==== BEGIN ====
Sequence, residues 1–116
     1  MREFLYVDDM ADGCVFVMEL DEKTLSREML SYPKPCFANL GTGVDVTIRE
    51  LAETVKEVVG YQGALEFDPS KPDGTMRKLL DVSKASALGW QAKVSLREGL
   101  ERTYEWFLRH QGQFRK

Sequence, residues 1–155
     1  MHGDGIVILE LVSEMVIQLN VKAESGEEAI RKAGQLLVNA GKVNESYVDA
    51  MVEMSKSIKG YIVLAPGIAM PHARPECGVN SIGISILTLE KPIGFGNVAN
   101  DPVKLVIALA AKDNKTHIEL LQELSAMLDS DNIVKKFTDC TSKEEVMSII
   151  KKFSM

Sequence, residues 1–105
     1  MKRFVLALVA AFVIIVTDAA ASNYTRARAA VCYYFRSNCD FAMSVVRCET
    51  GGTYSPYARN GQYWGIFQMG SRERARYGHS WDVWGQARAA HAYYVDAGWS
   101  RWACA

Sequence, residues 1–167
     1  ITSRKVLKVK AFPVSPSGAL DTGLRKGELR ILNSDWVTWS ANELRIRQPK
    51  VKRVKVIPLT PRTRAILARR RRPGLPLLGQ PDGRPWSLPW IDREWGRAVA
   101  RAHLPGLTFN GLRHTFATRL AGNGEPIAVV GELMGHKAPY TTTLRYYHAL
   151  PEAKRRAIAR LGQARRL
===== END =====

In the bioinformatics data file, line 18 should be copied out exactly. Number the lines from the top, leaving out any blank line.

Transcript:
   151  PEAKRRAIAR LGQARRL